Opinion No. 18
from the District Court of the First Judicial District, State
of Idaho, Boundary County. Hon. Barbara A. Buchanan, District
of conviction for exhibition of a deadly weapon, vacated.
D. Fredericksen, State Appellate Public Defender; Ben P.
McGreevy, Deputy Appellate Public Defender, Boise, for
Lawrence G. Wasden, Attorney General; Kale D. Gans, Deputy
Attorney General, Boise, for respondent.
Claude Coleman appeals from his judgment of conviction for
exhibition of a deadly weapon. Coleman argues that the
district court erred when it denied his Idaho Criminal Rule
29 motion for a judgment of acquittal. For the reasons set
forth below, we vacate the judgment of conviction.
AND PROCEDURAL BACKGROUND
Christmas Day in 2016, Coleman and his father had two
altercations at his father's house. The first altercation
occurred when Coleman's father was using an ATV to plow
snow. The parties disagree on how the altercation occurred.
Ultimately, Coleman ran over his father with the ATV before
leaving his father's house. Coleman's father called
the police and gave a written statement of the events that
had occurred. A short time after the police left, Coleman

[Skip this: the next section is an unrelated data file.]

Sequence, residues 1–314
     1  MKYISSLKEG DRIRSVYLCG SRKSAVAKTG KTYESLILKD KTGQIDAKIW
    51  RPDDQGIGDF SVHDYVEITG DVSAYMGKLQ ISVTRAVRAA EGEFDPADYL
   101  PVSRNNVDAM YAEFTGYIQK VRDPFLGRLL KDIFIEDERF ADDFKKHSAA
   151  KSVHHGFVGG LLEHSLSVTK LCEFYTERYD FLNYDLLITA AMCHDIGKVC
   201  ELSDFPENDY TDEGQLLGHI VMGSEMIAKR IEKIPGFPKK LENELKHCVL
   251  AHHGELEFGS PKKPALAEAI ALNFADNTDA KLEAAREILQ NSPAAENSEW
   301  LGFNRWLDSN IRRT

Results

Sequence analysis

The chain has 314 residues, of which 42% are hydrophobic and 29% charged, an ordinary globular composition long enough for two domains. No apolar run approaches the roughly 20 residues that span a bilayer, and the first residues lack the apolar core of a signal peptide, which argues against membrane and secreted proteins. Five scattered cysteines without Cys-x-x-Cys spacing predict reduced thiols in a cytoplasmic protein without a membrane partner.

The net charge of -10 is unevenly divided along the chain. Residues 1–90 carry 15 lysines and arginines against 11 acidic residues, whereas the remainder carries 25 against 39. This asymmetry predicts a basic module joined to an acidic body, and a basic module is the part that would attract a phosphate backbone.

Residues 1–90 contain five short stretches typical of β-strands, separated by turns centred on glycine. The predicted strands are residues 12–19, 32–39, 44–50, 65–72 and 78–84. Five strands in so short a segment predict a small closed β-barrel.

came back to his father's house with his father's gun
in hand. The parties agree that Coleman and his father were
the only ones present in the home during this second
altercation. The parties also agree that Coleman did not
point the gun at his father. However, Coleman did point the
gun to his own head while making threats to his father and
telling his father to help remove Coleman's truck from
the snow. Coleman's father again called the police and
gave a written statement. Coleman was charged with aggravated
battery, exhibition of a deadly weapon, grand theft, and
malicious injury to property.
trial, Coleman moved for acquittal as to the exhibition of a
deadly weapon, arguing that I.C. § 18-3303 required him
to exhibit the gun in the presence of two or more persons
other than himself and that only he and his father were
present at the time of the alleged offense. The State argued
that Coleman is one of the two persons and that, if the
legislature had intended the defendant to be excluded, the
statute would have read "in the presence of two or more
persons other than the defendant." The district court
agreed with the State, reasoning:
But exhibition or use of a deadly weapon, the case law makes
it clear it is a lesser included of aggravated assault.
And clearly aggravated assault just requires two people, two
or more. You have to have the person with a weapon and the
person is assaulted.
And the way I read the statute is that they're just
trying to make clear that if you are exhibiting a weapon in a
rude, angry and threatening manner and you're the only
one there, that maybe somebody took a video of it somehow or
a picture, or ...